My hope is that we try to find a middle ground. Perhaps that means ignoring the results for now. Perhaps that means we take a break from social media until our emotions are better in check. Disappointment is not rage and triumph is not gloating. We hurt people and especially those super sensitive people when our emotions run high. Often we don’t realize the impact of our words and actions.

I call for more mundane right now. Go watch Dancing with the Stars. Take photographs of your food. Go play Monopoly. Read a book. Take a nap. Watch the stars. Rejuvenate.

Where are all of the cute kitten videos when you need them?

4 thoughts on “We Feel Too

  1. This is a really thought-provoking and compassionate piece. From my perspective, it’s not the entire answer so much as an essential part of a larger, more complex answer. And if someone’s not able to apply the complex answer, then the one you suggest here is the next best thing.

    I shared thoughts on social media after the election, and do not think this was a bad thing; far from being private as many say, politics is inherently about public matters, and so it’s good to discuss it and engage with people who think differently. (It might even be essential to people with intellectual OE.) That this was at times uncomfortable was not, on its own, a reason not to do it. It *is* true that many people were feeling emotionally spent (especially those with emotional OE), though, and there’s also no reason to exacerbate that needlessly. In the end, it came down to a delicate balancing act. In my case, I went on social media, but did refrain from posting anything in depth (i.e. blog entries) because I could tell it would just be a rant, as opposed to in-depth analysis.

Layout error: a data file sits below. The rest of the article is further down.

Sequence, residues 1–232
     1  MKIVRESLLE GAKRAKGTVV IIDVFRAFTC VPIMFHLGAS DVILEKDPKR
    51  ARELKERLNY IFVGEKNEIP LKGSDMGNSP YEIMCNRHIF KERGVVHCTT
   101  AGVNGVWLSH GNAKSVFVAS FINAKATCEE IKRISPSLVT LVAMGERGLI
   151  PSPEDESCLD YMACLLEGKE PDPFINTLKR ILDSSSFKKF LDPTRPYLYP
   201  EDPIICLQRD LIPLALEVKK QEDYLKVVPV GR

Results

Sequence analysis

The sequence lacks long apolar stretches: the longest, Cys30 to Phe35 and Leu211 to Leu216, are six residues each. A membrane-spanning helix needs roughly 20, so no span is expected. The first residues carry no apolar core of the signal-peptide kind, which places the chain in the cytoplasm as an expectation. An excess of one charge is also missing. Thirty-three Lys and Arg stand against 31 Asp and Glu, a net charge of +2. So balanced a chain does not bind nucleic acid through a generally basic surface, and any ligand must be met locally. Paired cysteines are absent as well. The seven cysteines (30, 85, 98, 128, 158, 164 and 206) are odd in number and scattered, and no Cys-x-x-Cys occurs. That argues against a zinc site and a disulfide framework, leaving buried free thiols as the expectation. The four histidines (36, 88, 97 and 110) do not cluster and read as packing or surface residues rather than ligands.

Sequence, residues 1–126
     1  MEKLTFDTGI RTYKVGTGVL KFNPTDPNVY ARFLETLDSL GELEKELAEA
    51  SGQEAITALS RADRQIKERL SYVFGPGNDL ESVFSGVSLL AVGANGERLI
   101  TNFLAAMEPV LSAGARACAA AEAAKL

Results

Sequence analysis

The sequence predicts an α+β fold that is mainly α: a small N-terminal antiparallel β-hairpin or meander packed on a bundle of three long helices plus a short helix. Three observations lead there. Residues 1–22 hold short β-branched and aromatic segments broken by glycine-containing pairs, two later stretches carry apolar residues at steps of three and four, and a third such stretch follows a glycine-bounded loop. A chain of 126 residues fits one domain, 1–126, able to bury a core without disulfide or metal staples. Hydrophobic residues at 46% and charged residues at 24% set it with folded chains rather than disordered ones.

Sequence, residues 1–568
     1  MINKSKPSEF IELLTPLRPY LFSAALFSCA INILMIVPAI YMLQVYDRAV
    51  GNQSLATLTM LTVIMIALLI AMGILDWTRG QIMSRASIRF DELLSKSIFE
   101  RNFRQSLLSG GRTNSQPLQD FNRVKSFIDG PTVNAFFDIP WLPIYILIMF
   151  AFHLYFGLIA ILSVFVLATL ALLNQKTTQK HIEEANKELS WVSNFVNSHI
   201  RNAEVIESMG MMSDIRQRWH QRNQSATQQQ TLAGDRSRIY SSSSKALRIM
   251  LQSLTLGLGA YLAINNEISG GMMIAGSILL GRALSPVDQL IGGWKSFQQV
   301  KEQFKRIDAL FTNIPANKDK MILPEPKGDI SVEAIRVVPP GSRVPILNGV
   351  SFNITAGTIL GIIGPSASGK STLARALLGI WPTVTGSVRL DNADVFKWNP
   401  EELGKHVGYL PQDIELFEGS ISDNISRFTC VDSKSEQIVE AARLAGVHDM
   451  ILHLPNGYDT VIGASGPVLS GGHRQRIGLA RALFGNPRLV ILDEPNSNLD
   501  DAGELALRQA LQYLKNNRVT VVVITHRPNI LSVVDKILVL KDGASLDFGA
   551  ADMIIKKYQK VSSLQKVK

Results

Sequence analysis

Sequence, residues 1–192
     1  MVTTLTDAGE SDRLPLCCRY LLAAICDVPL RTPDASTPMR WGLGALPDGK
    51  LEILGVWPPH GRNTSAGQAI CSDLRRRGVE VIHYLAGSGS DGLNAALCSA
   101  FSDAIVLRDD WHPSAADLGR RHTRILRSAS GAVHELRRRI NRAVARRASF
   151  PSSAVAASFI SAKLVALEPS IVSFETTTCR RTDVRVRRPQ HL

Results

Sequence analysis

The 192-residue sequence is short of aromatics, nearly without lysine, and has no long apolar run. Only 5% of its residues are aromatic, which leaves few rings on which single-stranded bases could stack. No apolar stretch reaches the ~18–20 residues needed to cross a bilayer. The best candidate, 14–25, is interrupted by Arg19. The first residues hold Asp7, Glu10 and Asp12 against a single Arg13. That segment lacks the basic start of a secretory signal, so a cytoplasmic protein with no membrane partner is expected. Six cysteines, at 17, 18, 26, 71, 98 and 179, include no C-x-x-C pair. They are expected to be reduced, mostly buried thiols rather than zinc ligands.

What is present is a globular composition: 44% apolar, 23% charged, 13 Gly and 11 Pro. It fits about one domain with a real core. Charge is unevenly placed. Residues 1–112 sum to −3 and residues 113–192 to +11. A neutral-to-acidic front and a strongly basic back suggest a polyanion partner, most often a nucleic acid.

And so I turned to Dabrowski’s Theory of Positive Disintegration – specifically, to the dynamisms of empathy, hierarchization of values, and subject-object in oneself. My intellectual OE drove me to understand other people, but my emotional OE wanted to protect feelings (both my own and others’!), so when I found myself getting upset, I stepped back and forced myself to try to understand where the person who upset me was coming from. That sounds like an ordinary process for any decent person, I know, but after the election, it took a certain determination to forcibly wedge myself into their perspectives, the best I could. It was not comfortable. But it allowed me to take the first step in turning our collective national disintegration back toward reintegration, at a higher level. At least for me. But that, I’m sure, is the first step toward helping our country reintegrate at a higher level as well. Both voicing my thoughts and listening to others’ thoughts (particularly those who disagreed) was part of doing it.

    I guess the trick is for each of us to figure out how to use our speech to heal and unite in the long term. Angry lashing out is definitely not going to do so. Neither is suppressing what needs to be said.

    Thanks for being part of this conversation. I enjoyed your post!

    Liked by 1 person